Similarly, Philip H. Bufithis argues that the main conflict in "Yoga" lies in the distinction between thought and action: "reflection upon experience is antipodal to its enjoyment".[44] Sam allows his cognitive life—symbolized by his relationship to Dr. Sergius—to take dominance over his ability or even willingness to act, unlike Cassius, whom Miller calls the "moral center" on the novella.[45] Cassius O'Shaugnessy, Alan's college friend and the actual man who studied yoga, is a sort of most-interesting-man type that seems to be the quintessence of individuality in the novella.[44] A world traveller, Cassius samples all that life has to offer and provides a contrast to Sam, who does not take risks and lives a comfortable life of middle-class security. Bufithis explains that Cassius' life is a critical commentary on the Slovodas and their friends who prejudge and try to rationally control experience—contrasting though with action.[44] O'Shaugnessy is the romantic that seized the day and took control of his own life and destiny, and he, like a hero, has become a topic of conversation for the meek souls on Sunday afternoon. Marvin calls Cassius a "psychopath", presaging Mailer's Hipster in "The White Negro", and explicitly illustrating how Sam and his friends are polar opposites: law-abiding and rational, but lifeless. Cassius' story, then, only validates Sam's notion that his world-view is correct.[46]

Castronovo compares Sam to Joyce's Gabriel Conroy from The Dead: he has unrealized literary ambitions; he is petty, spiteful, and envious; he wants to be closer to his wife, but is haunted by a ghost from the past; he takes a frank assessment of himself and realizes he is a middle-aged man, unheroic and unremarkable, and "spiritually impotent".[39] Continuing along these lines, Castronovo argues that "Yoga" serves as a stage in the development of the writer in the 50s—"the artist as tough guy"—particularly apropos to Mailer as one "who has to move out of his accustomed mode" and try something new: "Mailer was probably the first major figure in our national letters to realize that writers could no longer be writers in that old, rocked-ribbed, self-confident sense".[39] The new phase of a Sam Slovoda is, for Mailer, a Hipster—one prepared for risk, violence, opportunity, and pleasure.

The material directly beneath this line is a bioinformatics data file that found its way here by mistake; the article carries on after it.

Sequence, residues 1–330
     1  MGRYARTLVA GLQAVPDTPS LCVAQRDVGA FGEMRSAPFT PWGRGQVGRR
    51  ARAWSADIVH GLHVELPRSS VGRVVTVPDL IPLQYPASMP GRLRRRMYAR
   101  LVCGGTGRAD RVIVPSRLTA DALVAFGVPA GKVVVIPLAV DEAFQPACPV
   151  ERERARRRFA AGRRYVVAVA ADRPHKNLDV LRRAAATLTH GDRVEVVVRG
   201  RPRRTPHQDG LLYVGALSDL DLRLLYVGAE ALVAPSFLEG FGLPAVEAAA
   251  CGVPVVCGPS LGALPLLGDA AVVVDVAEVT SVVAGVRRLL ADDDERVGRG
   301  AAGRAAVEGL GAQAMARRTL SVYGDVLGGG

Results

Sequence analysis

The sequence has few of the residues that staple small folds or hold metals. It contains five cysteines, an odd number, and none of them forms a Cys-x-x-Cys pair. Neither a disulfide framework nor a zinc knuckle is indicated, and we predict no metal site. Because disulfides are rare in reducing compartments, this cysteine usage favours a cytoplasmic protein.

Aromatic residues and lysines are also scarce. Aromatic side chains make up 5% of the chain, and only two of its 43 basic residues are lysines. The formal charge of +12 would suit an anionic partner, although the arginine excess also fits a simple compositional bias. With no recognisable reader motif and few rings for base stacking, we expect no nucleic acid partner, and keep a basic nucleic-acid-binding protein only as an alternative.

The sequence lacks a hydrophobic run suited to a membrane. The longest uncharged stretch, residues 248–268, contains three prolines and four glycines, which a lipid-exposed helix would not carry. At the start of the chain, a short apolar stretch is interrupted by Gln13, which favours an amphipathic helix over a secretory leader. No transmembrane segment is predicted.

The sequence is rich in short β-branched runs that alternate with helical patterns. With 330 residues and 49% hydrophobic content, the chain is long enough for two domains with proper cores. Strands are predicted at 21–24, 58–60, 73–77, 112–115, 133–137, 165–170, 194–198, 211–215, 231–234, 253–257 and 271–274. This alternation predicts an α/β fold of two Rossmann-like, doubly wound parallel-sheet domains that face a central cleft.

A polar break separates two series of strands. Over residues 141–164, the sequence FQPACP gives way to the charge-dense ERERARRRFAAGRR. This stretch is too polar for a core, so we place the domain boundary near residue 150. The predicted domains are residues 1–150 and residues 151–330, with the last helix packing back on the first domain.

In his advertisement for "The Man Who Studied Yoga", Mailer states that it had originally been conceived as a novel that is "a descendent of Moby Dick",[b][33] and taking that cue, Frederick Busch argues that it has a direct connection.[47] Busch suggests that both writers were divided about truths as they saw them and the current state of their respective times: he continues that the works and narrators reflect these divisions, relaying autobiographical anxieties at the same time they are creating art.[48] Both try to bridge their own inner conflicts with the fictive worlds while also keeping them separate.[49] Both narrators reflect the "doubts and needs" of their respective authors, while inventing their own characters to dramatize their anxieties.[50] Similar to Mailer's Sergius O'Shaugnessy in The Deer Park, both narrators "invent darker characters to speak for" them right "before our eyes".[51] Gordon suggests that the narrator acts as a "curative, as therapist for both the tale and its hero" — a commentator on what Sam cannot come to terms with.[14] Likewise, Poirier adds that Mailer's voice "took its form from a species of debate or dialogue or 'war' among the possible and competing voices that were alive within him" and is also reflected throughout AFM.[52] These alter egos, argues Busch, appear again in Mailer's later work, like Why Are We in Vietnam? and An American Dream.[51]

Enid Stubin calls Sam and Elenor Slovoda "figures in a cautionary tale of contemporary courtship".[53] Their relationship is characterized by inertia: they seem to be together only because it would require more effort to part. In Diana Trilling's reading, they "ache with the sexual longings that are never to be satisfied, and with the frustration of their dreams of themselves". In short, Mailer shows that in order to conform to society without violating its established norms "is purposeless death".[54] Adamowski states that Mailer regarded the Cold-War liberal American as sexually unhealthy—who had sex too much with their heads filtered through psychoanalysis, pornography, and rational theories from therapy and the academy.[55] They disagree about the most trivial things, and when they have sex, it's seems like a gross parody of the pornographic film: "false artist imitating false art in a story about artistic failure".[56] The comparison is overt, as the victim's name in the film is also Elenor. Later, Sam recalls Elenor's friend in a mental institution, alluding to the crazy Pip in Moby-Dick and back to Cassius the "psychopath": perhaps these are characters who have penetrated that never of conformity and can speak the truth. In 1957, Mailer will go on to develop his "philosophical psychopath" in his figuration of the Hipster in "The White Negro".